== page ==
The Japan Folk Crafts Museum


It’s a lovely spring day and as I’m walking, I can’t help but be thankful for this opportunity to be in Tokyo. There is so much to be inspired by and it seems fitting, that as I’m appreciating the beauty around me, I’ve come to this museum. It was built by the philosopher Soetsu Yanagi in 1936 and was meant to be a home for the Mingei Movement which, according to the museum pamphlet “aimed to fit beauty into everyday life.”



There is a special exhibition highlighting Ainu Crafts that peaks my interest because of the spiral pattern called Moreu (left) that is used on the backs of clothing. It was meant to protect people and act as an evil eye. I have long had a fascination with the evil eye symbol (I wear two everyday!) and I’m intrigued by how this symbol penetrates through various cultures.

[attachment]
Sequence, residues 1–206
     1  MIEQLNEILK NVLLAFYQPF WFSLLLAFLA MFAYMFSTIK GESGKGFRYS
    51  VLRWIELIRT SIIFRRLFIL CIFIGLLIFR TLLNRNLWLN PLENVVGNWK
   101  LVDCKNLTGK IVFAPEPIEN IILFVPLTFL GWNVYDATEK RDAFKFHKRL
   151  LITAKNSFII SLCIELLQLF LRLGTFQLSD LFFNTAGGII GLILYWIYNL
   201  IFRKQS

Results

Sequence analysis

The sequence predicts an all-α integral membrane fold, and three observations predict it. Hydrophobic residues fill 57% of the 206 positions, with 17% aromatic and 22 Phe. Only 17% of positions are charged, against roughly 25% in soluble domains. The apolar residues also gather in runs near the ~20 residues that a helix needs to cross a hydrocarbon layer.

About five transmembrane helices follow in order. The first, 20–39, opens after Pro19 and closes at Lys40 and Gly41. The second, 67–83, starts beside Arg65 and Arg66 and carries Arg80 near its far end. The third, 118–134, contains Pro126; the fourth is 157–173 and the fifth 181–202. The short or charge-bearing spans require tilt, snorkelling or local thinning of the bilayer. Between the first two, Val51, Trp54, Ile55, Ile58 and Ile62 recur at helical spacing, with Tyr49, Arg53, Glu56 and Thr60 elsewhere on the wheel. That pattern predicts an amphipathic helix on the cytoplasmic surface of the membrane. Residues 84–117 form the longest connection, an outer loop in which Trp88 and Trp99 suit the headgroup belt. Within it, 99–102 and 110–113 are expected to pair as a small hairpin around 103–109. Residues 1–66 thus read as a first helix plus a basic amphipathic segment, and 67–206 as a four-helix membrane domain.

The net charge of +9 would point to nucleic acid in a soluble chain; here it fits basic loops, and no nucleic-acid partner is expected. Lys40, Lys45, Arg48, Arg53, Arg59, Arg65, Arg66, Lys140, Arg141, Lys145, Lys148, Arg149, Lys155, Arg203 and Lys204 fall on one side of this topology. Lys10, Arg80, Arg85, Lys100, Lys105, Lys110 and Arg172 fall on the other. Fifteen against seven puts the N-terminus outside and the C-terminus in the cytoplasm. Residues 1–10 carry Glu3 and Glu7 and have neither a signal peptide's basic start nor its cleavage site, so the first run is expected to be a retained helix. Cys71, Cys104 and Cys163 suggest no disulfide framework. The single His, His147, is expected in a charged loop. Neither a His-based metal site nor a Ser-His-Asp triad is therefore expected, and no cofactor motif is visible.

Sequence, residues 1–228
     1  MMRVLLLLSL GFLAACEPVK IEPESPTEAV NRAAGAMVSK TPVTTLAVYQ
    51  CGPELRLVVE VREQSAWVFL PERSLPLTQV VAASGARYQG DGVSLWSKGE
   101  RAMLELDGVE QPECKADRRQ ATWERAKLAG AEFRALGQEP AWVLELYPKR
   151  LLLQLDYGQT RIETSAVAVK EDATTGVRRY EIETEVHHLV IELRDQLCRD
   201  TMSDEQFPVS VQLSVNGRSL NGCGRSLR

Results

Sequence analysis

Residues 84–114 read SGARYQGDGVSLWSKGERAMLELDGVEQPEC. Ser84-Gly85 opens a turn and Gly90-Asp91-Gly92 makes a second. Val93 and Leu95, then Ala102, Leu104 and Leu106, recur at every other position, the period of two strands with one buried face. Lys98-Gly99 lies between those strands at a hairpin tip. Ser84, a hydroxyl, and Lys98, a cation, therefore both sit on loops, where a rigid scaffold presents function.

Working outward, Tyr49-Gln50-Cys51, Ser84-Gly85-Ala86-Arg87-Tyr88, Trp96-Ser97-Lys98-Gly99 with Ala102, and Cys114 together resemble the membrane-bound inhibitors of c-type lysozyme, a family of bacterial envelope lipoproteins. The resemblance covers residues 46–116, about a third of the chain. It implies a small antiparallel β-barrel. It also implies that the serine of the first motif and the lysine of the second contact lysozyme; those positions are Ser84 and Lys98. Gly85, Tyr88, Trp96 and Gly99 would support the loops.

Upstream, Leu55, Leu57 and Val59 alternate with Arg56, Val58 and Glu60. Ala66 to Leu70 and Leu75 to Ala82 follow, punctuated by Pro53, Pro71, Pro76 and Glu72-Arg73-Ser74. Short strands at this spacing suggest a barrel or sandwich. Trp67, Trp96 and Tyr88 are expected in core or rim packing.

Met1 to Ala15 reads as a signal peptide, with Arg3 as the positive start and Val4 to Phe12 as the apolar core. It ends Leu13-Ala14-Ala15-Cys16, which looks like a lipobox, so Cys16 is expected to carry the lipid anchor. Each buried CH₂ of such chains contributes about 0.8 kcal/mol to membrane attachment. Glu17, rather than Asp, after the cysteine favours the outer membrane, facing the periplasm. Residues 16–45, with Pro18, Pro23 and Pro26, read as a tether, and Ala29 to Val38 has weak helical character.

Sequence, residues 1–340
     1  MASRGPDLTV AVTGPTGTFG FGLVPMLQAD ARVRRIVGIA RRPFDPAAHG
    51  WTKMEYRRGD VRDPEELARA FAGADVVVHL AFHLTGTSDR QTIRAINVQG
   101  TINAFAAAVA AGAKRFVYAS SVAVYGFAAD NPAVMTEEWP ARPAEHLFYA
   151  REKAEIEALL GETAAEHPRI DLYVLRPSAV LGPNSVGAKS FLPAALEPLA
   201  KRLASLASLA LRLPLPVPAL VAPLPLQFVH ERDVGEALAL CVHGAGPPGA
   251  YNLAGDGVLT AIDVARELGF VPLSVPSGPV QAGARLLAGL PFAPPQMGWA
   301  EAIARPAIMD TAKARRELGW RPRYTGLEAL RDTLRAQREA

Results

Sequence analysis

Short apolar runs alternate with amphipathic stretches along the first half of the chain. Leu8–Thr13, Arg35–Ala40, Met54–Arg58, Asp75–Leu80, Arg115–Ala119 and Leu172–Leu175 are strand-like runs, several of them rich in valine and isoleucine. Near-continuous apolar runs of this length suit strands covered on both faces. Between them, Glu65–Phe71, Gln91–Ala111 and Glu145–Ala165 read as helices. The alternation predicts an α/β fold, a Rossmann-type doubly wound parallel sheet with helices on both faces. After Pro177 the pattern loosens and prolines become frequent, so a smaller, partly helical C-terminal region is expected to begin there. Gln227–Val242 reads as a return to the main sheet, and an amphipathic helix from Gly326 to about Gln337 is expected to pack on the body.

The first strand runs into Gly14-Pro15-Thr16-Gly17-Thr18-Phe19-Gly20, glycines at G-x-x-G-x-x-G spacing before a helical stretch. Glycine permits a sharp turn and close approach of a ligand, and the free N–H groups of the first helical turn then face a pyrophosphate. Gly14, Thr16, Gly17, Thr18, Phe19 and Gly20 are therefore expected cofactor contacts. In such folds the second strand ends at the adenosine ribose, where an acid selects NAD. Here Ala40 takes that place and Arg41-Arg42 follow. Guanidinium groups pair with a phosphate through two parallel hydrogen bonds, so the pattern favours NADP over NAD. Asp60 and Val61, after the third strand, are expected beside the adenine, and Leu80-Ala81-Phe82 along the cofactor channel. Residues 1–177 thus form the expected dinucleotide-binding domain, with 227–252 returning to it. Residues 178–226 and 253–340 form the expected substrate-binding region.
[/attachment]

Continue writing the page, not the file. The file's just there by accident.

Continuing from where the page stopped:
From the museum pamphlet:

“Ainu people who had led their lives by hunting and fishing in harmony with nature believed that the nature itself was God, or kamuy in their language, like animals, plants, mountains, rivers, fires, thunder and so on. They believed that there existed souls in everything in heaven and on earth, even in materials produced by human beings.

Ainu people applied very powerful and very unique patterns to daily objects such as clothes and wooden works. They have thought that those Ainu patterns would have magical significances and protect themselves from evil.”

  1. love this post about the Ainu. I feel like some of that sensibility about souls being in everything is still alive in Japan, the gentle respect for materials and humble objects. Is there a through-line? I want to read more!

    • Simone: Unfortunately there isn’t much more information that I found in English!

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